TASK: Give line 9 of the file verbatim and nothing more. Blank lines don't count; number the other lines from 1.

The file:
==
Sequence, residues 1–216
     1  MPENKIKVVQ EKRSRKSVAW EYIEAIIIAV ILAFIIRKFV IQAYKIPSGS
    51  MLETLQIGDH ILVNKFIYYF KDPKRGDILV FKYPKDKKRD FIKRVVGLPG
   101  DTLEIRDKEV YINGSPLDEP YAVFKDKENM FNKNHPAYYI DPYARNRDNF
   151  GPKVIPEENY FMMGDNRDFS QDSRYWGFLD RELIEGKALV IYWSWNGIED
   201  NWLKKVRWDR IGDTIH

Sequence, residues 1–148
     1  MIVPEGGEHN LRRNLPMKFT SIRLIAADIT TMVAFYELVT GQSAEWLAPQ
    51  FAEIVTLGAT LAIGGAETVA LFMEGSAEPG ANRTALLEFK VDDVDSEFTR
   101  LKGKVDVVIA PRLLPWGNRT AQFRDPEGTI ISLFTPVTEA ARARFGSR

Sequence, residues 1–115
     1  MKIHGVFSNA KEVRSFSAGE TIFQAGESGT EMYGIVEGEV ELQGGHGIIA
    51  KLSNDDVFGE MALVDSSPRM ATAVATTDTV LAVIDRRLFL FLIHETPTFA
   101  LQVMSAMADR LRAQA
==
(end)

    51  FAEIVTLGAT LAIGGAETVA LFMEGSAEPG ANRTALLEFK VDDVDSEFTR